With reality competitions, Paul says, it’s about capturing the spirit of the show while bringing the competitors (or the professionals they are paired with, in the case of the dance-based programs) into closer contact with the audience.
In designing the productions, Faculty hires set designers, costume designers, lighting designers, and sometimes musical directors—some of whom also work on the television versions—to make the touring spectacle look and feel like an extension of the show.
“They’ve put a lot of time and energy into the show you’re watching at home, and so if people come in and it’s nothing like what they’ve been watching, or if it’s some low-budget thing, people are going to walk out very unsatiated,” says Paul, 41, who started Faculty after his partnership with Azoff dissolved in 2013.
The concerts were generally worth the money for Marnie Leavitt, 43, who saw Glee Live! in New York City in 2010, and So You Think You Can Dance Live! in 2011 near Washington D.C. Seeing the latter was a chance to watch her favorite performers from the show execute their choreography from a vantage point that didn’t rely on close-up camera shots.
“In that sense, yes, it did feel like an extension of what I had seen on TV,” she says.
What Leavitt remembers most about Glee Live! was the “corny” recorded message from an actor who wasn’t touring with the show, along with the venue, Radio City Music Hall, and the opening act, the Legion of Extraordinary Dancers.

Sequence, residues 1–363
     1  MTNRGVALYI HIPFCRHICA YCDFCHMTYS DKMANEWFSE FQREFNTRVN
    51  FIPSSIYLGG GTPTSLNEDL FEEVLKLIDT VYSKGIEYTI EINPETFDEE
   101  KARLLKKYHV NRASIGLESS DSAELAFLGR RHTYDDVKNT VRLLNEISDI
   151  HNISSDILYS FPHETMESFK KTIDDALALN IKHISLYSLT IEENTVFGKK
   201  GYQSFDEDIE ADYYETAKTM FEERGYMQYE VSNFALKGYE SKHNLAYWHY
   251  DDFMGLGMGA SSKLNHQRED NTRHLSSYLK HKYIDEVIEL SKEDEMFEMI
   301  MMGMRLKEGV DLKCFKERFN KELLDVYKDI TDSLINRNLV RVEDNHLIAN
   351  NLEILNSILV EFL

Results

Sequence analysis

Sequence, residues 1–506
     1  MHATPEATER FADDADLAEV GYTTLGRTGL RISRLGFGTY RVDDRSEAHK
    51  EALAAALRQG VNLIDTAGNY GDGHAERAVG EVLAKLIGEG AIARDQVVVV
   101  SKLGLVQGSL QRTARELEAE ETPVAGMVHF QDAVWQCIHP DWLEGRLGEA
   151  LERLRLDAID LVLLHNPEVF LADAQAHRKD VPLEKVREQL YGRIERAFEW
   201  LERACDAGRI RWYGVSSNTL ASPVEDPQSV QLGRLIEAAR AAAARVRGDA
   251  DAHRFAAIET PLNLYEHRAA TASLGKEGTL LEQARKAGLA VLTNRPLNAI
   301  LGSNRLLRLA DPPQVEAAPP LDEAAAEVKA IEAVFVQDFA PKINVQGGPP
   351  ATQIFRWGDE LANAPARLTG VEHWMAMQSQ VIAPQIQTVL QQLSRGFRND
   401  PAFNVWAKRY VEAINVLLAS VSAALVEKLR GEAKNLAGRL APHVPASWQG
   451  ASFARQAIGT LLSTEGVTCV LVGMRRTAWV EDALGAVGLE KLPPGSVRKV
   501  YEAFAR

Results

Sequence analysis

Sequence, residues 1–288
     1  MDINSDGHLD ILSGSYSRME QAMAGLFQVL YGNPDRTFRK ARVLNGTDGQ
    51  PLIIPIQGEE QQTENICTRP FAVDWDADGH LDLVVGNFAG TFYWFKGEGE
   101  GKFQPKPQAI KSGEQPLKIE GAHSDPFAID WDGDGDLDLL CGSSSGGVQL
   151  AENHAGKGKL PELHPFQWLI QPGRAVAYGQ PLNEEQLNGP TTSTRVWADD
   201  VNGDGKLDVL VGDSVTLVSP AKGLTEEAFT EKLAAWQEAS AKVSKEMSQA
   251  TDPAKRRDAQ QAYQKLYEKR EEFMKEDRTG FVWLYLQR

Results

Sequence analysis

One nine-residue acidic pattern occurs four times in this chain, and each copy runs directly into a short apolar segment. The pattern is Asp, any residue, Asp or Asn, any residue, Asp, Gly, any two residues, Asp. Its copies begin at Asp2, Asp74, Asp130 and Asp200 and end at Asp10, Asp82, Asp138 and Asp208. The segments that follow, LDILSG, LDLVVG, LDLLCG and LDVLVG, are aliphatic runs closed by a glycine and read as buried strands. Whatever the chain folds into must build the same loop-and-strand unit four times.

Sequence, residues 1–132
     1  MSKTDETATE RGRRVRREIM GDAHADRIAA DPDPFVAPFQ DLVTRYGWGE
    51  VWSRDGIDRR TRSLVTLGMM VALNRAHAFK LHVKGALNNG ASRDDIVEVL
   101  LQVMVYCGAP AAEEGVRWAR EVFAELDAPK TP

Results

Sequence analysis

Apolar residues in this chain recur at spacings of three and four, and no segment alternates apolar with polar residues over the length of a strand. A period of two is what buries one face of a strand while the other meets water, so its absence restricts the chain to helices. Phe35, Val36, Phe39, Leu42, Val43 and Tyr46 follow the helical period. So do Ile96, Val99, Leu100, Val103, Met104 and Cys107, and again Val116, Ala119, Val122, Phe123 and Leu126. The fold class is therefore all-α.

Though the reality shows tend to have rotating casts of competitors who don’t allow for the same kind of deeply connected fan communities as, say, New Kids on the Block, they inspire their own form of devotion that often transcends one specific season of television.
“Fans are fans,” says Tom Cantone, senior vice president of corporate sports and entertainment for Mohegan Gaming and Entertainment, which runs venues in five states, Canada, and South Korea. The company’s flagship venue, Mohegan Sun Arena in Uncasville, Conn., has two dates set aside for Dancing With the Stars: Live! in January.
“Anything on primetime TV that’s highly rated is always the best marketing you can do for a venue,” Cantone says. “It really is a natural fit. The brand awareness for the show takes on its own meaning.”
TV shows aren’t the only ones finding that brand awareness can lend itself to a live event. YouTube stars and even podcasts, including the NPR Spanish-language program Radio Ambulante, have hosted live events in front of audiences. The Madrid-based Spanish Football Podcast has done live gigs in Spain and also Ireland. “We live in this world where you can build an audience and build a community through television, or a podcast, or any way,” says Paul. “To me that’s tremendously exciting.”
A possible future step for Paul and Faculty Productions is investigating whether they can do things the other way around by starting with a live concept and working backward. “Could we reverse-engineer YouTube content or television content with the end goal in mind of putting it on tour?” he says. “I’m interested in a future that would involve conceiving and bringing content to market.”